77. See Commonwealth v. Farrell, 78 N.E.2d 697, 705-06 (Mass. 1948); Commonwealth v. Malone, 114 Mass. 295, 298 (1873) (holding that voluntary intoxication cannot be used as an "excuse, or justification or extenuation" of a crime); see also Annotation, supra note 3, at 1240.

78. See, e.g., Commonwealth v. Sheehan, 383 N.E.2d 1115, 1121 (Mass. 1978) ("Our rule that the voluntary consumption of alcohol itself cannot warrant a finding of the absence of a specific criminal intent is of long standing."); see also, Commonwealth v. Stewart, 270 N.E.2d 811, 816 (Mass. 1971) ("you cannot find the absence of a specific intent solely because you find drunkenness"), vacated, 408 U.S. 845 (1972); Commonwealth v. LePage, 226 N.E.2d 200, 210 (Mass. 1967); Commonwealth v. Farrell, 78 N.E.2d 697, 705-06 (Mass. 1948); Commonwealth v. Taylor, 161 N.E. 245, 247 (Mass. 1928); Commonwealth v. Gleason, 159 N.E. 518, 520 (Mass. 1928); Commonwealth v. Malone, 114 Mass. 295, 298 (1873); Commonwealth v. Hawkins, 70 Mass. 463, 466 (1855); cf. Regina v. Cruse, 173 Eng. Rep. 610 (K.B. 1838). The Regina case reflected the common-law perspective that the jury was allowed to consider the effect of intoxication on the defendant's ability to form the specific intent. See Regina, 173 Eng. Rep. at 612. This holding was slow in gaining acceptance. See Hall, supra note 7, at 1049.

79. See Commonwealth v. Dellechiaie, 84 N.E.2d 7, 8 (Mass. 1949). In Dellechiaie, the court instructed the jury that "[i]t would be subversive of all law and morality if the commission of one vice, may we call it a vice like drunkenness, . . . should be allowed to excuse another crime. One may be perfectly unconscious of what he is doing and yet be responsible for his conduct during drunkenness." Id. Courts also note that drunkenness may be easily feigned. See Hall, supra note 7, at 1047; see also Note, Intoxication As A Criminal Defense, 55 COLUM. L. REV. 1210, 1211 (1955) (stating that alcohol removes inhibitions, thereby revealing underlying instincts that may cause repeated negative conduct).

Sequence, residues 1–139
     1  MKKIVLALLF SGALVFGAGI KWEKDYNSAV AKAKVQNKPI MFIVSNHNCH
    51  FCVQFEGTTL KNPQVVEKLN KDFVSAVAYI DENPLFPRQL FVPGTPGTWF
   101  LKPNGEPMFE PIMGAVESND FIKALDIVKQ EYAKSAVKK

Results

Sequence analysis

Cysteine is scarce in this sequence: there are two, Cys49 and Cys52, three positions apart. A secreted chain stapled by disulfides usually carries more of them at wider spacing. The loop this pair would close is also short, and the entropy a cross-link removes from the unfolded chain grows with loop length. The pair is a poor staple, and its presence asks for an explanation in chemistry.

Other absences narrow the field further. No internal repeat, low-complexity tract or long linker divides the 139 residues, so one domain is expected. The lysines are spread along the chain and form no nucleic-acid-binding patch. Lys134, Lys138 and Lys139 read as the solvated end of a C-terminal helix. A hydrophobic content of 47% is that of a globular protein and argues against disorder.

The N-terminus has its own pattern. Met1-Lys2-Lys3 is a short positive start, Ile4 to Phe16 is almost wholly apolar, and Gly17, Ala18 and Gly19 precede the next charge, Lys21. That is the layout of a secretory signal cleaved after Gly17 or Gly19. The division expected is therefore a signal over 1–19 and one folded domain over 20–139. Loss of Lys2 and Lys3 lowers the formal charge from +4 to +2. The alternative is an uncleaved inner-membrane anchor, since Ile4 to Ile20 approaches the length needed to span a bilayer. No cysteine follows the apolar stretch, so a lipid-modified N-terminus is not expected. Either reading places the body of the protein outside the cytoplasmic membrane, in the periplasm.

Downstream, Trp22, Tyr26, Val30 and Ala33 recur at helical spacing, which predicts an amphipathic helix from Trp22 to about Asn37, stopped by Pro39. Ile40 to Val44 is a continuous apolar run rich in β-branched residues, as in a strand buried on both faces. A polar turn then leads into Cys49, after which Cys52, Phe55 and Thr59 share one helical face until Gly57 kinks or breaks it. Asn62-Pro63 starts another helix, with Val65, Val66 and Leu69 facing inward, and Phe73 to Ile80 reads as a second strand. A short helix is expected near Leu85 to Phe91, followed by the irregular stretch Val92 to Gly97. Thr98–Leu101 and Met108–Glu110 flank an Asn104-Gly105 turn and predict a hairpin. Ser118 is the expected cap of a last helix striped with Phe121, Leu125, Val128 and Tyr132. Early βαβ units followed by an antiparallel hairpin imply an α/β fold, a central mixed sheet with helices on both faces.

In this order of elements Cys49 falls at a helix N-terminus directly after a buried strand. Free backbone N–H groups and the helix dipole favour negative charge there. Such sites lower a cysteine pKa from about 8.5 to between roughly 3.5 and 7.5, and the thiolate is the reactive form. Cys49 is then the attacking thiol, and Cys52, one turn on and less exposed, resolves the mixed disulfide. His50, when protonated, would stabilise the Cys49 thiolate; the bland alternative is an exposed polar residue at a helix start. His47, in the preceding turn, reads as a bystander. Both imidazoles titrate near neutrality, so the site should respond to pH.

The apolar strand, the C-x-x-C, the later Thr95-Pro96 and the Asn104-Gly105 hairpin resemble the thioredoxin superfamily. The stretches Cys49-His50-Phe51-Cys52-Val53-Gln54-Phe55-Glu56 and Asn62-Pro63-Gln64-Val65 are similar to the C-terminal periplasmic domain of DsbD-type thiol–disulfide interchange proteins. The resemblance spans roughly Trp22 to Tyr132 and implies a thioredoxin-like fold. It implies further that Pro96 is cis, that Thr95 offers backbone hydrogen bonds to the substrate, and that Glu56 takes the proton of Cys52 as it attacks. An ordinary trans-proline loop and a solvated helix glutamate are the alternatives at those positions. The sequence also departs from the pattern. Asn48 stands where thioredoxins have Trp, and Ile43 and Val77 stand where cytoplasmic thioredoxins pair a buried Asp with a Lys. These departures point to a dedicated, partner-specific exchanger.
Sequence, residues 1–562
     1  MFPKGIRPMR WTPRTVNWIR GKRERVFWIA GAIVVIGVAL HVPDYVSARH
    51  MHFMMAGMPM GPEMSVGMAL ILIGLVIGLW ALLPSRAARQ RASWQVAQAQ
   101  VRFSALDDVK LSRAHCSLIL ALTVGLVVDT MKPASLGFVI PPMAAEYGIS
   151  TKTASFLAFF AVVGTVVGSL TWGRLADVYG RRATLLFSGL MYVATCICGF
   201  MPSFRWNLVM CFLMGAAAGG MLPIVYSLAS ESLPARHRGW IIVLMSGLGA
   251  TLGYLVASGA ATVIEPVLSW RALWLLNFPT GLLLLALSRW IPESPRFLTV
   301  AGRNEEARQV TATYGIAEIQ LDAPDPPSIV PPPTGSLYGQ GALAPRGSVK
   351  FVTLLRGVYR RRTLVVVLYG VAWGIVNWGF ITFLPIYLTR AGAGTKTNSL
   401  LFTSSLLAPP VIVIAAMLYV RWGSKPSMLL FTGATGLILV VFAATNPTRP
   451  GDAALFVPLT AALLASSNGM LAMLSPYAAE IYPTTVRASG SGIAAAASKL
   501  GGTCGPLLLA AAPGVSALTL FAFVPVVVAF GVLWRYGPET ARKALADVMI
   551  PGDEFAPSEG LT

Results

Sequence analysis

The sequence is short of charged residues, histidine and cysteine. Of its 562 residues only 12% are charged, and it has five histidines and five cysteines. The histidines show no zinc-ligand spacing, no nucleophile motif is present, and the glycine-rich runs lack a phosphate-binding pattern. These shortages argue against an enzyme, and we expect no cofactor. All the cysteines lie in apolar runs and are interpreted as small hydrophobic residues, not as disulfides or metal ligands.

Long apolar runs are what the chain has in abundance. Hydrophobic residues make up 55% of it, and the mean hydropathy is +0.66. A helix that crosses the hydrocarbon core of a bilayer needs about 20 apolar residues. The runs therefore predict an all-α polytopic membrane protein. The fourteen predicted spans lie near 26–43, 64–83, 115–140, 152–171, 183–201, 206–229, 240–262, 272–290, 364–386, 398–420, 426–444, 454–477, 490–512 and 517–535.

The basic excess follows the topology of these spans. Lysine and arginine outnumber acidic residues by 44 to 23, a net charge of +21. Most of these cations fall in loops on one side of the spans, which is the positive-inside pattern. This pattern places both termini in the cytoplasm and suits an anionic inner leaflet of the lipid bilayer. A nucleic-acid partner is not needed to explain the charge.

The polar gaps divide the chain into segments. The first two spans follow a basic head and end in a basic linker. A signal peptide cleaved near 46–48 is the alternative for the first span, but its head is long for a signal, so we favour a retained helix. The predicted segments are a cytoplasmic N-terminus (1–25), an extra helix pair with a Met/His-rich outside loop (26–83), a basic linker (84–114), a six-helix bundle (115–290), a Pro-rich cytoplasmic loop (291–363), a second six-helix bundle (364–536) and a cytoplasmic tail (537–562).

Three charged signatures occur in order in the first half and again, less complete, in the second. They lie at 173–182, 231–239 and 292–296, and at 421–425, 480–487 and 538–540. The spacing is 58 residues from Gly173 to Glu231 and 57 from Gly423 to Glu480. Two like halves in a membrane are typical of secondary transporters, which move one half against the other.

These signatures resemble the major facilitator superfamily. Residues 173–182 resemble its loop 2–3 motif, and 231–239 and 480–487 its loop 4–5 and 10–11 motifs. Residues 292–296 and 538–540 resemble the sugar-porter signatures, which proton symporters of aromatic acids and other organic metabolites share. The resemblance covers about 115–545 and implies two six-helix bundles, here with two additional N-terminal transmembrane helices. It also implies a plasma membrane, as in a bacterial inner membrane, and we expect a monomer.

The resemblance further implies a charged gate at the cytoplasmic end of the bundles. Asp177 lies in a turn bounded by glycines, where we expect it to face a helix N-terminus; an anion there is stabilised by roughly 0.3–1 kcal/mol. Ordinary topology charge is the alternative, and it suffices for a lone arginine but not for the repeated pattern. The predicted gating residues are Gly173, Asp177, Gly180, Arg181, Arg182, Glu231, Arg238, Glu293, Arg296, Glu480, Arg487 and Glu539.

80. See supra note Part II.B.

81. See supra Part II; cf. Commonwealth v. Parker, 649 N.E.2d 727, 729 n.3 (Mass. 1995).

82. See Commonwealth v. McHoul, 226 N.E.2d 556, 557 (Mass. 1967). Legal insanity is the lack of a substantial capacity, as a result of mental disease or defect, to appreciate the wrongfulness of one's conduct or to conform one's conduct to the requirements of the law. See id. at 557-58 (adopting MODEL PENAL CODE § 4.01 [Proposed Official Draft 1962]).

83. See Commonwealth v. Laliberty, 366 N.E.2d 736, 739 (Mass. 1977) ("Criminal conduct is excusable in this Commonwealth on the ground of insanity only where the defendant's capacity to appreciate the criminality of his action or his capacity to conform his conduct to the requirements of law was substantially impaired as a result of mental disease or defect."); Commonwealth v. Farrell, 78 N.E.2d 697, 705-06 (Mass. 1948) (stating that voluntary intoxication cannot form the basis for an insanity defense, except in the limited circumstance in which the intoxication triggers an otherwise latent disease or defect).

84. See Commonwealth v. Dellechiaie, 84 N.E.2d 7, 8-9 (Mass. 1949). In Dellechiaie, the jury was allowed to consider whether voluntary intoxication rendered a defendant incapable of deliberate premeditation necessary for first-degree murder. See id.

No matter how drunk one may be and no matter what the intention may be, the law does not permit drunkenness under such circumstances to be an excuse for the crime. . . . On the question of murder in the first degree deliberately premeditated, . . . if you are satisfied upon the evidence that the defendant killed the deceased but that he was incapable of conceiving a deliberately premeditated intention to kill because of intoxication, then he is not guilty of murder in the first degree, but he is guilty of murder in the second degree.

Id.; see also Commonwealth v. Soaris, 175 N.E. 491, 493-94 (Mass. 1931) (stating that liquor may negate deliberate premeditation); Commonwealth v. Taylor, 161 N.E. 245, 247-48 (Mass. 1928) (stating that liquor may negate deliberate premeditation); cf. Commonwealth v. Sheehan, 383 N.E.2d 1115, 1117-20 (Mass. 1978) (stating that drug addiction is not per se sufficient to negate deliberate premeditation). "`Intoxication is not a defense to murder in the first degree that the Commonwealth must disprove.'" Commonwealth v. Sylvester, 509 N.E.2d 275, 279 (Mass. 1987) (quoting Commonwealth v. Costello, 467 N.E.2d 811, 816-17 (1984)); see also Commonwealth v. Grey, 505 N.E.2d 171, 173 n.2 (Mass. 1987).

85. See Grey, 505 N.E.2d at 173-74 (stating that the jury must be permitted to consider evidence of defendant's mental impairment in deciding whether the defendant possessed the specific intent); see also Commonwealth v. Henson, 476 N.E.2d 947 (Mass. 1985).

86. See Commonwealth v. Gould, 405 N.E.2d 927, 939 (Mass. 1980); see also Commonwealth v. Sama, 582 N.E.2d 498, 500-03 (Mass. 1991) (stating that the jury should have been instructed on the effect of intoxication regarding the defendant's extreme atrocity and malice); Commonwealth v. Perry, 433 N.E.2d 446, 450-51 (Mass. 1982) (stating that the jury is now required under appropriate instructions to consider a defendant's intoxication as it bears on his criminal culpability for murder by extreme atrocity); Commonwealth v. Satterfield, 284 N.E.2d 216, 217-18 (Mass. 1978) (stating that the SJC has generally upheld the concept of murder in the first degree based on "extreme atrocity or cruelty" against claims that the phrase is unconstitutionally vague).